With student loan debt at an all-time high and the cost of tuition still rising, it seems that no one these days can afford a college education. However, if you do your homework, fill out the applications and do some networking, you might be one of the lucky ones. Consider it a prep course for college, which you will now be able to attend using these tips.
The first step in the financial aid process is also the single most important one: filling out your Free Application for Federal Student Aid (FAFSA). To do so, you will need last year’s tax return for yourself and your parents, a current bank statement, and information on your total assets as well as personal identifying information like your Social Security number and driver’s license number. Basically, the form helps you describe your family’s finances in detail, taking into account income, assets, debts, divorce, other dependents and siblings already in college. From these numbers you will be given a magical number called your Expected Family Contribution (EFC) which states how much your parents could conceivably pay towards your education. This is neither the amount they will pay nor the amount that you will pay; that number is determined by the financial aid office of each institution.
Each institution to which you submit financial information will provide you a financial aid package. This can include grants, scholarships, work study, and various types of loans. The best financial aid is the kind that you don’t have to pay back, such as grants and scholarships. Grants are usually need-based. The federal government allots a fixed amount of funding to colleges each year, who then distribute it to students who meet the federal guidelines. It pays to apply for financial aid early so you don’t miss out. Your state and the college of your choice may also offer their own grants. The work-study program, although not free money, has definite advantages if you qualify for it. If you are awarded $2,000 in work-study, you must find a job on campus designated for work-study, and the amount offered is the maximum you can earn each year through that job. While working part-time may seem like a chore, you will make connections, gain workplace experience and manage your time better by balancing school and work. It has tax benefits as well; wages earned through work-study count as financial aid, not income, for next year’s financial aid application.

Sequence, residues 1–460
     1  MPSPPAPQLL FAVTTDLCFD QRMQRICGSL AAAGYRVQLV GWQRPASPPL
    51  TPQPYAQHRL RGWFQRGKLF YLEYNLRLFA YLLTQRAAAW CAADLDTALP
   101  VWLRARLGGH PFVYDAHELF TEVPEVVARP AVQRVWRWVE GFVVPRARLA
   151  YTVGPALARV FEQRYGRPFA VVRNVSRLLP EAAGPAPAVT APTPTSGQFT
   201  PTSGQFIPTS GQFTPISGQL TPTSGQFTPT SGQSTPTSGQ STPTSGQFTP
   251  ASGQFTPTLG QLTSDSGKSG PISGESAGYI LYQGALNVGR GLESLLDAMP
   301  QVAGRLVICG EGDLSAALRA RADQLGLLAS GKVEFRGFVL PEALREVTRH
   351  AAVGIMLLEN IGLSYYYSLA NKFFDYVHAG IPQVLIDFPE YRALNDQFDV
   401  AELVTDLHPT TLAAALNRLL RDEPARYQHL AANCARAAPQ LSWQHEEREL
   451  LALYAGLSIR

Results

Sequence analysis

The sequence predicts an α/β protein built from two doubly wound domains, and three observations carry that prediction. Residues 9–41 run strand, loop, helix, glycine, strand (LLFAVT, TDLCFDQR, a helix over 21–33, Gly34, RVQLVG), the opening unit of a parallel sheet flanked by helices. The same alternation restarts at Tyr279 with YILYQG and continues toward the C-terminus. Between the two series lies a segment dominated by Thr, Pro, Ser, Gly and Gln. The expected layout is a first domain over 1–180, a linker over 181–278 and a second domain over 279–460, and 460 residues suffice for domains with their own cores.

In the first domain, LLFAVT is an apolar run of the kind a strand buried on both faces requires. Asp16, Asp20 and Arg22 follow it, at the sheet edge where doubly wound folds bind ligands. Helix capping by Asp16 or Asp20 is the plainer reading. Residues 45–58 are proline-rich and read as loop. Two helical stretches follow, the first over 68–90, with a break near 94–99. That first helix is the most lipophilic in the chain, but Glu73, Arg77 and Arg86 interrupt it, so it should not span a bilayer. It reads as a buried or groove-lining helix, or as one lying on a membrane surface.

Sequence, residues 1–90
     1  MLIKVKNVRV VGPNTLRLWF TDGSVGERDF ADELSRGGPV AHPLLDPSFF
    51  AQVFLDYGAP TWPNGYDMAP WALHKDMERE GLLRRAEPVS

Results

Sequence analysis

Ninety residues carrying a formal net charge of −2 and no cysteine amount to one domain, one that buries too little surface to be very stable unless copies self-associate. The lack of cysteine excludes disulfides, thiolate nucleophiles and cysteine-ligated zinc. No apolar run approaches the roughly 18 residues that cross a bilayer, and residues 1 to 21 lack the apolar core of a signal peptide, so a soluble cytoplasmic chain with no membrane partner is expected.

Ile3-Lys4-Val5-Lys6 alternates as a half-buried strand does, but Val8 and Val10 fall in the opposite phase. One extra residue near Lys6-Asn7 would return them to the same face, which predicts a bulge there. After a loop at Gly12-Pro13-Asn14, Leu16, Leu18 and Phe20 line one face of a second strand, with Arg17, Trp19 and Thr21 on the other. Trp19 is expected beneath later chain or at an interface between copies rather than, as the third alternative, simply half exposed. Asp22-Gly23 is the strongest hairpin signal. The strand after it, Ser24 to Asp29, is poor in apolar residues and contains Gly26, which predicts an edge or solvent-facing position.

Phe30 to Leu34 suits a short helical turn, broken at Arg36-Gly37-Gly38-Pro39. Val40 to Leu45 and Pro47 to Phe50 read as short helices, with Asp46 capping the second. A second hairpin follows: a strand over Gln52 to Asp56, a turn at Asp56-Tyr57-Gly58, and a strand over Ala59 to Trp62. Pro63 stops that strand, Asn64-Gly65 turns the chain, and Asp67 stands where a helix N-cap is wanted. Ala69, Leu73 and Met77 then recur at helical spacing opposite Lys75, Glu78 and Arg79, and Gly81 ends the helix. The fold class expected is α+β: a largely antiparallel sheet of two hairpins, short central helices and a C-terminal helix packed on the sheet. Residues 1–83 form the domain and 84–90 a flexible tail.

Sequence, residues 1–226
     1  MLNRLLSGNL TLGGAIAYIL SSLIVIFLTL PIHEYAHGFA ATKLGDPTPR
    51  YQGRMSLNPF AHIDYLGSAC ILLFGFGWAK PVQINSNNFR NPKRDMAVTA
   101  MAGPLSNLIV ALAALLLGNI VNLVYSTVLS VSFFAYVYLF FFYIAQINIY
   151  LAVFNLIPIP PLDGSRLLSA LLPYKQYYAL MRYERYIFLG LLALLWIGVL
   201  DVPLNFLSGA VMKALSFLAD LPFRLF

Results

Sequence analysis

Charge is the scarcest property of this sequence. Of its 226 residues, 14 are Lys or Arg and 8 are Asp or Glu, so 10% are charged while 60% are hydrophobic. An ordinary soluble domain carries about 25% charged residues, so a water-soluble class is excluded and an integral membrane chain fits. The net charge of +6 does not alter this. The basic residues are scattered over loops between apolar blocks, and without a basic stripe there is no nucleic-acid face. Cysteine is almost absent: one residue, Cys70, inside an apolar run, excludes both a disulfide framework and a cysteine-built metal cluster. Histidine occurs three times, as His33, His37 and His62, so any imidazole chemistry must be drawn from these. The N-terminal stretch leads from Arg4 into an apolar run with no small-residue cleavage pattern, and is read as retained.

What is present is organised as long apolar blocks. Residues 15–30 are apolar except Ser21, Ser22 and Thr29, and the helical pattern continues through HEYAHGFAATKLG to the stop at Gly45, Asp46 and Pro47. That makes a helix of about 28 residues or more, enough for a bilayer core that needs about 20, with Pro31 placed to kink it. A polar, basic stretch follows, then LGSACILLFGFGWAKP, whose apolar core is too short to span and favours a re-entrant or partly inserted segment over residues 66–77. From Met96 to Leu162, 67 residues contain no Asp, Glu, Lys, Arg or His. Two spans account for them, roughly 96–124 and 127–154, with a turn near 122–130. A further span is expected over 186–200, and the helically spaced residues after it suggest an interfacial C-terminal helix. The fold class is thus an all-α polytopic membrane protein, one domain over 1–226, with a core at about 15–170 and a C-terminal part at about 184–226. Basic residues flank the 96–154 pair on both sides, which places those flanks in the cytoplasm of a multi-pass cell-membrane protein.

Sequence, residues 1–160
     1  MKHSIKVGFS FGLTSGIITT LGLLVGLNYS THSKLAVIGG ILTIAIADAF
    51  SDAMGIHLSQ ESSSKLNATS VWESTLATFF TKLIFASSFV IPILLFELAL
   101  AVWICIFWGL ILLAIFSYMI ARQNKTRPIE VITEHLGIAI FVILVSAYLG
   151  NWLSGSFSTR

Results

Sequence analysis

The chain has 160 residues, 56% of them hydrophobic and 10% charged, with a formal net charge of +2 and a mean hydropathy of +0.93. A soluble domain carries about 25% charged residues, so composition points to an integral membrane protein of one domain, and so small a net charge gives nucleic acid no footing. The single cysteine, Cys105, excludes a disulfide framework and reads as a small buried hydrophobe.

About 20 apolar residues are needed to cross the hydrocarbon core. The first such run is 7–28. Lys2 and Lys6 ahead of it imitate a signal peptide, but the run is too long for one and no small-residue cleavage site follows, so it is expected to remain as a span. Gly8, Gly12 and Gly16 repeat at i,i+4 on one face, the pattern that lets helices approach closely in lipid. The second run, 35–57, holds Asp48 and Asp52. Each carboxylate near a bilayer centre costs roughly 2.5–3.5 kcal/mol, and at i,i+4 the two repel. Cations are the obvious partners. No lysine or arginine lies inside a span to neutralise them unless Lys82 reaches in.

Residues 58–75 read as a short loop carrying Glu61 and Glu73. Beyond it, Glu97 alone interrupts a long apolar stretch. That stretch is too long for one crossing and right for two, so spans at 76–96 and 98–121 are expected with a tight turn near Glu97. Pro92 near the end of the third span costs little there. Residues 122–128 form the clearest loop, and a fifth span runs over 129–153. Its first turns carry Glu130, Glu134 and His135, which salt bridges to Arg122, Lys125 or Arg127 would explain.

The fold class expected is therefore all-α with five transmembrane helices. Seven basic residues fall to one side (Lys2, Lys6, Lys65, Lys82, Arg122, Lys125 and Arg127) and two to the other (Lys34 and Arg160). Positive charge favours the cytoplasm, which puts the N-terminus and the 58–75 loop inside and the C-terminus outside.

It also pays to look everywhere for scholarships. Your parents’ workplaces may offer scholarships for children of their employees. Local organizations such as Rotary International may also offer scholarships and your chances will be better because there are fewer applicants for a local scholarship. At your institution you should ask the financial aid office how to find and apply for scholarships within the school.
If you intend to enter the military after graduation, you have many options for education, training and service. In the Reserve Officers’ Training Corps (ROTC) you can get up to a full four-year scholarship and enter the service as an officer after completing a degree. The Community College of the Air Force provides two-year programs to their members, combining civilian and military course work. All branches of the service offer tuition assistance for courses taken while off duty.
Low income students may receive benefits from the Workforce Investment Act. The law provides education and job training opportunities to disadvantaged youths, unemployed adults, veterans and those with disabilities. A local Workforce Investment Board allocates federal funds. You can find the board nearest you through the US Department of Labor website.
If your parents can start financially preparing early, or if you have a large network of friends and family willing to help you out, Upromise may have substantial reward for you. Upromise is a free service that gives rebates when you shop at certain stores or buy certain brands. Amounts earned may be small but add up over time, and the effects multiply if your friends and family sign up to support your account. You can even link a 529 college savings account and the rebates will automatically transfer. The company behind Upromise offers another program that allows friends and relatives to make gift contributions to a child’s college fund. Instead of putting cash in a birthday card and mailing it to the future college student, they can send it directly to a 529 fund.
Parents can play a supporting role in paying for their child’s college, although they should not be taking the lead and taking on a second mortgage or raiding their 401(k). For parents who plan ahead, a 529 plan is an account to help save money for future education expenses. Contributions to the account are placed in investment portfolios and funds are withdrawn as needed for college or other post-secondary education. Grandparents can set up 529 plans as well, and some allow third-party contributions. If a child enters college and the financial aid offered doesn’t cover all costs, parents can take out a Parent PLUS Loan. These loans have a fixed rate and are not need-based. There is no prepayment penalty, so parents can make payments during their child’s college years or defer payments until graduation. Parents take out a new loan for each school year; the loans can be paid off separately or consolidated into one lower monthly payment. The Parent PLUS Loan is intended as a supplemental loan; students should use all scholarship resources and federal student loans first.
In short, the financial aid office is your first stop to help pay for college, but it’s not a one-stop shop. Financial help can come from unexpected sources if you research your options and seek out opportunities for yourself.